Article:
THE National Offshore Petroleum Safety and Environmental Management Authority (NOPSEMA) has urged industry to increase its focus on design, preventative maintenance and management systems in order to prevent uncontrolled hydrocarbon releases.
The call comes after the rate of releases rose to 20 in 2013, up from 17 in 2012, NOPSEMA’s latest Annual Offshore Performance Report showed.
Of that 20, 13 occurred at normally attended platforms, four at floating production storage and offloading facilities and one each at pipeline facilities, mobile offshore drilling units (MODU) and platforms which were normally left unattended.
In a newsletter distributed by NOPSEMA, the regulator’s chief executive Jane Cutler said this finding was “particularly disappointing,” given a reduction in the rate of these releases recorded in 2012.
“The prevalence of inadequate design specifications and preventive maintenance among incident root causes is an opportunity for improved performance,” she said.
NOPSEMA launched three investigations of hydrocarbon leaks as dangerous occurrences – defined an incident which could reasonably have caused an accident.
An investigation into a gas release during drilling operations at the Jack Bates MODU, operated by Sedco Forex International, found that “ineffective management of the operation and the overall management of change system” had resulted in an uncontrolled hydrocarbon release.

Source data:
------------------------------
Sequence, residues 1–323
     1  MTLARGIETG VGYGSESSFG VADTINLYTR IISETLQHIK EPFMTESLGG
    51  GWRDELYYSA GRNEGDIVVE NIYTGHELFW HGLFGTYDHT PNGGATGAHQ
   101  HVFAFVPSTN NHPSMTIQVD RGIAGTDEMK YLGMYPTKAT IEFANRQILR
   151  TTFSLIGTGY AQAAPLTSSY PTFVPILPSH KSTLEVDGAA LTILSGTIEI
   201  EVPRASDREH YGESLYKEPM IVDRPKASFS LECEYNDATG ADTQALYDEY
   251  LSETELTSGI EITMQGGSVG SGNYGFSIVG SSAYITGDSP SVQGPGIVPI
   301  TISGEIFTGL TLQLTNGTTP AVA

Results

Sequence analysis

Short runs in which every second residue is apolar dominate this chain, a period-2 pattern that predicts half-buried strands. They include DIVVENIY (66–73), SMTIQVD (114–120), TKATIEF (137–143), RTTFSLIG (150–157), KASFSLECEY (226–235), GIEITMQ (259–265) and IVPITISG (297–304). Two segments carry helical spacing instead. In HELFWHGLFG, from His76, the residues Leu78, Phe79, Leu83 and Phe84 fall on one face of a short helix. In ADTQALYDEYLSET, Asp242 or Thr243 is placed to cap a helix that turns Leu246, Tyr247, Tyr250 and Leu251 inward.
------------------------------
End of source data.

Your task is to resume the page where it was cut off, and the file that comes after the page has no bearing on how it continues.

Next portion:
A reduction in bottom hole pressure, known as swabbing, occurred when a gas influx from the bottom of the drill hole expanded when it approached the surface.
Corrective actions identified in the report suggested the operator revise its procedures to ensure that any changes to the sanding instructions for drillers were reviewed and approved by the toolpusher.
A low level transmitter calibration error was blamed for a gas release in a process module at Woodside Energy’s Goodwyn Alpha production facility.
The release was caused by the removal of the level switch from the stripping gas compressor lube oil seal oil pumps, a loss of seal oil levels following a loss of power, NOPSEMA said.
The third, a pin hole leak on a hydrocarbon surface flow line at Apache Energy’s Stag Central production facility in December, was likely caused by microbiological induced corrosion, NOPSEMA said.
The regulator also carried out three investigations into hydrocarbon fluid releases as reportable environmental incidents in 2013 – a step it takes in order to identify breaches of the offshore safety and environmental management legislation, it said.
The regulator found 774 litres of crude oil had leaked into the Bass Strait as a result of corrosion on the Cobia to Halibut pipeline – typical of microbiological induced corrosion.
Operator Esso Resources has since repaired the pipeline, NOPSEMA said in its report.
It had also found a defective bow thruster seal on a supply vessel, coupled with poor decision making, had resulted in 115 litres of hydraulic oil being released to sea in January 2013 at PTTEP Australasia’s Montara operations.
Ongoing minor releases from a well conductor at Apache Energy’s Stag facility caused by a residual inventory of oil established in the conductor or mudline area originating from offspec produced water being reinjected into the well was also resolved following a workover, it said.